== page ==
John Wall now has the most talented roster around him in his Washington tenure. (Rob Carr/Getty Images)
Columnist

John Wall’s hairy new look symbolizes the 2018-19 Washington Wizards perfectly. It’s a lot: all the braid-able hair on top of his head, the wild beard, the new tattoos. They’re a lot: deeper and more versatile, bigger personalities, greater potential to thrive or self-destruct.

You don’t quite know how to feel about Wall doubling down on this shaggy, “Crazy J” style, and you can’t be certain whether it’s retro or trendy or even sustainable. You don’t quite know how to feel about the Wizards doubling down on an idling second-round-or-less core, and you can’t be certain whether their changes make them retro or trendy or even sustainable.

Wall, their leader and virtuoso playmaker, is just fine with the uncertainty and trepidation. It just gives him and the Wizards more to prove.

“Everybody’s just got to sit back and watch,” he said.

If you could ignore history and prejudge this team solely on its talent and interchangeable parts, you would start your expectations at 50 victories and a top-four seed in the Eastern Conference. But it has been 40 years since the franchise won at least 50 games, and in the Wall/Bradley Beal era, the Wizards developed a bad habit of winning 40-something games and shaking their heads over how they could have done more. They have made the playoffs four times in the past five years but failed to advance beyond the second round. Last season, they couldn’t get out of the first round.

Over the summer, Wizards President Ernie Grunfeld put together what is widely considered his best roster since arriving in D.C. in 2003. To a team with a playoff foundation, he added three players who averaged double figures in scoring a year ago: center Dwight Howard, forward Jeff Green and guard Austin Rivers. They also drafted Troy Brown Jr., a multipositional 19-year-old who is capable of being a rookie contributor, and made a waiver claim on Thomas Bryant, a developmental big man with a future. The only key departures were Marcin Gortat and Mike Scott, but Howard is an upgrade over Gortat, and Green is more versatile than Scott.

If this were the Howard of six years ago, we would be making Finals predictions. But this is the 32-year-old Howard, a former all-star now on his sixth team. He’s not the offensive force he once was, but he still averaged 16.6 points per game for Charlotte last season. He’s not the best defensive player in the game anymore, but he’s still an anchor on that end and still the best rebounder of his generation. But is there room for his ego on a team that has a history of chemistry problems?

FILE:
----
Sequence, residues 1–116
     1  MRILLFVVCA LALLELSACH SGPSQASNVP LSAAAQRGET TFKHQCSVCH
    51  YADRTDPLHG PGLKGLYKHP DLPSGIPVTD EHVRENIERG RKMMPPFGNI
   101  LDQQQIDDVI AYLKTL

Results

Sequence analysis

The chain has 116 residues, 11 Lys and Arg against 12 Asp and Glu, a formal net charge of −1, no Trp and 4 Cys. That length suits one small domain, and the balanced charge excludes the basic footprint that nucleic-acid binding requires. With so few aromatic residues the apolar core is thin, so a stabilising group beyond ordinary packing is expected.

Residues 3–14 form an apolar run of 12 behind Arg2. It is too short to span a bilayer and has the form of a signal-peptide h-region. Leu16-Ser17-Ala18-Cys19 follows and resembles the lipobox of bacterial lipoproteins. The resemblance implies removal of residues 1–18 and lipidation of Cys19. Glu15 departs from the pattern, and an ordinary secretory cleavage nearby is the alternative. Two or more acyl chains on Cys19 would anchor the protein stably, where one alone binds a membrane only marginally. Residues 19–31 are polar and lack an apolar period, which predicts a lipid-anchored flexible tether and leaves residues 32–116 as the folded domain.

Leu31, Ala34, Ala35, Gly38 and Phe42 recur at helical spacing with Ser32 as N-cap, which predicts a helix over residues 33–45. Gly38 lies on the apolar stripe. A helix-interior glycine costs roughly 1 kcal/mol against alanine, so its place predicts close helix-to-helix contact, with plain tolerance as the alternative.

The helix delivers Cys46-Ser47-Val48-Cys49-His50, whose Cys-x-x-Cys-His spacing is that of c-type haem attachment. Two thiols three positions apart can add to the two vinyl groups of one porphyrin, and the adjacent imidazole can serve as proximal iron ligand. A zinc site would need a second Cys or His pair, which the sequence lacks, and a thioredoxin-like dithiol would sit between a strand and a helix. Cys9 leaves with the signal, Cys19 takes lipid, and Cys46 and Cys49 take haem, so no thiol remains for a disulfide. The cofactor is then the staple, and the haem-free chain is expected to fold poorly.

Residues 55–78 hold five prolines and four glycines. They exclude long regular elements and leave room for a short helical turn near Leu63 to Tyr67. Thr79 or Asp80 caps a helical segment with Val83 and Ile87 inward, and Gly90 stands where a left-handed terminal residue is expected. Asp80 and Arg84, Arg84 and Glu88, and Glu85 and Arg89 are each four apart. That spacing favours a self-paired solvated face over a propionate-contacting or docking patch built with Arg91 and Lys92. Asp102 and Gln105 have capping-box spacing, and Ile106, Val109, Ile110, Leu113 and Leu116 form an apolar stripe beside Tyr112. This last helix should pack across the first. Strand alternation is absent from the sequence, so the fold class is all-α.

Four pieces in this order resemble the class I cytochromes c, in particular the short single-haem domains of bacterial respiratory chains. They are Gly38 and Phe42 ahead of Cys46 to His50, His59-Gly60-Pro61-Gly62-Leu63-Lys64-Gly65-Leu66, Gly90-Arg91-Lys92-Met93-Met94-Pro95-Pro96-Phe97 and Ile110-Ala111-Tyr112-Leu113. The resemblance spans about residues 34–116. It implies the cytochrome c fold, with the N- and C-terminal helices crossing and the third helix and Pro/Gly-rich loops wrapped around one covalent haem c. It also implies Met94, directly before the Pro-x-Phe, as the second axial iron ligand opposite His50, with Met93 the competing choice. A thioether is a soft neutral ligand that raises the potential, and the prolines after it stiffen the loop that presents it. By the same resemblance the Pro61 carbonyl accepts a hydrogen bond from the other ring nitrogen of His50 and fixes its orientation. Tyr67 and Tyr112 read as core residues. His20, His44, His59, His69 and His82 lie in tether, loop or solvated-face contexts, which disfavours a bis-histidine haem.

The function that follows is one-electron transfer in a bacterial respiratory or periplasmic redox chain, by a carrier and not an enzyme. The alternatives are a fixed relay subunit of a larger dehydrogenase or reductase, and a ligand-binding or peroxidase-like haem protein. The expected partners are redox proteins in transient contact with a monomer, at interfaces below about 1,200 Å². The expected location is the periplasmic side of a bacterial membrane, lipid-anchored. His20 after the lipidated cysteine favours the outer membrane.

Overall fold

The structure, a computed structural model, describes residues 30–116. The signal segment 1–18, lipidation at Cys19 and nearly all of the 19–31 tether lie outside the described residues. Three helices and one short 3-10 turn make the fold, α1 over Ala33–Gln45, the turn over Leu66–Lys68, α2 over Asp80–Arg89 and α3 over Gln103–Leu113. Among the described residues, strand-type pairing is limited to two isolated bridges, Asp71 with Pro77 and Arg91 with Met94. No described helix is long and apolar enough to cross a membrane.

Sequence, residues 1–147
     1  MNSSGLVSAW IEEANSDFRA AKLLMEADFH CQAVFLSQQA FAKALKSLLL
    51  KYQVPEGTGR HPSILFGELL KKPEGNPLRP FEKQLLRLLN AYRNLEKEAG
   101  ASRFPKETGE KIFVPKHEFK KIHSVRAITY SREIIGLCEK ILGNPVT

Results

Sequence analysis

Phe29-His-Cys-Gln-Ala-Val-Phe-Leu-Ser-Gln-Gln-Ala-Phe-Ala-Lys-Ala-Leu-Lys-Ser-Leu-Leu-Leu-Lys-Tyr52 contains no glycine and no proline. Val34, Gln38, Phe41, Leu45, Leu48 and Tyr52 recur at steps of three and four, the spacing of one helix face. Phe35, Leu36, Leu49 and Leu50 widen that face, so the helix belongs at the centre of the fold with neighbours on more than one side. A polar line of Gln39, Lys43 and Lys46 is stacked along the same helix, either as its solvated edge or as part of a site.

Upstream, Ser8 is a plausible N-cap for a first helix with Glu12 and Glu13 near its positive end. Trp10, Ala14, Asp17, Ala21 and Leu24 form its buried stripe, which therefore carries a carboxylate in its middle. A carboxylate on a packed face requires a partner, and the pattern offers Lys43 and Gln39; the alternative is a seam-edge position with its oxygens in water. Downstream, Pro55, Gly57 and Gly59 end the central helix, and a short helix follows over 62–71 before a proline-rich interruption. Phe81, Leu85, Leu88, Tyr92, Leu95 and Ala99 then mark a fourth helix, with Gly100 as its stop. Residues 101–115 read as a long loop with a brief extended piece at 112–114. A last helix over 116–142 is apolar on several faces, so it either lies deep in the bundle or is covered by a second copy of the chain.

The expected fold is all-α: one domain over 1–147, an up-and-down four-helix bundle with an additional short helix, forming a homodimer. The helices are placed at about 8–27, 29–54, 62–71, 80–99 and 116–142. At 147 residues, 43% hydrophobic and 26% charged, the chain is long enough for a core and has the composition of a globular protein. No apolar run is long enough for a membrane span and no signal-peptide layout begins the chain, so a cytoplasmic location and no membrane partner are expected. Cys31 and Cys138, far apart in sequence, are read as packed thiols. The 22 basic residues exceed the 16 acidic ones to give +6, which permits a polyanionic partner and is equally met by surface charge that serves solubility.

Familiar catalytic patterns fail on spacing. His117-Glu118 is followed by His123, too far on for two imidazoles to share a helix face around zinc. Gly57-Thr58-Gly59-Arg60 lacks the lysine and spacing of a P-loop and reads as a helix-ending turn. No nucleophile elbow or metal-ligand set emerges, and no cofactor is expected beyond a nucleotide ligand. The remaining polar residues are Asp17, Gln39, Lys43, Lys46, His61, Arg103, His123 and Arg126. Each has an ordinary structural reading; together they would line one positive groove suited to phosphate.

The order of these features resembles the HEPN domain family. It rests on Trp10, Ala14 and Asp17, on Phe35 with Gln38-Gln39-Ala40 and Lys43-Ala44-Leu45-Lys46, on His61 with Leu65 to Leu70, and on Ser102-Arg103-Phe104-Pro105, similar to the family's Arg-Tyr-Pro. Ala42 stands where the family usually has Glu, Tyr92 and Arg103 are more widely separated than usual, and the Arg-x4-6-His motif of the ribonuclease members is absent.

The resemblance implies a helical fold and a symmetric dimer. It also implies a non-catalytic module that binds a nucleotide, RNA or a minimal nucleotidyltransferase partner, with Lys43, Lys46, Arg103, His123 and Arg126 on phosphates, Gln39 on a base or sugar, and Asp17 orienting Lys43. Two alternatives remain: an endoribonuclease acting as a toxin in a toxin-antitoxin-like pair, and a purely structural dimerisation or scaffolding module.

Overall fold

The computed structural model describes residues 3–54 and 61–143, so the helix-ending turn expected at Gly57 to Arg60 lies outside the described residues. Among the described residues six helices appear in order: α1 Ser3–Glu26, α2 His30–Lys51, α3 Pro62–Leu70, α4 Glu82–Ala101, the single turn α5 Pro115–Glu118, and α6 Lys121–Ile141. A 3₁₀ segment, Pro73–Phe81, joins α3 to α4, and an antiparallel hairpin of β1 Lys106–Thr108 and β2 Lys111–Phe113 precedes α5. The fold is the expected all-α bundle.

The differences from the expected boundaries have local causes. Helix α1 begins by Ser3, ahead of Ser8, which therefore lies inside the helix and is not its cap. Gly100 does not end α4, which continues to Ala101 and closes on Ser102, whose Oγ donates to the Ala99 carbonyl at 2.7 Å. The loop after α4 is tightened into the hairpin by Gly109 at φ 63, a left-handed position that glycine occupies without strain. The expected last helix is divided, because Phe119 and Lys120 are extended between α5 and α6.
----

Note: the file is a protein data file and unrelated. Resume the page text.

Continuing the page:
For now, the players are saying the right things. It’s also the first week of practice, and there is no reason to be bitter or disappointed or misunderstood.

“Our conversations have been about winning and how we can win together and how all of us have to really put our egos aside to accomplish what we want as a team,” Howard said of his offseason communication with Wall and Beal. “I think all of us have had great individual careers, but as a whole, we have to understand that it’s all about winning as a team. I think we have a great opportunity in front of us.”

It’s both an opportunity and a test of the Wizards’ foundation. Owner Ted Leonsis hasn’t just preached positive thoughts about this team. He has backed up his optimism by paying the luxury tax on the team’s high payroll for the first time last season and committing more money (about $135 million) this season. You don’t risk paying the luxury tax for consecutive years without belief. And it’s more than Leonsis simply following a similar model to what worked for him with the Capitals. He likes this team, period. He thinks these players have more in them.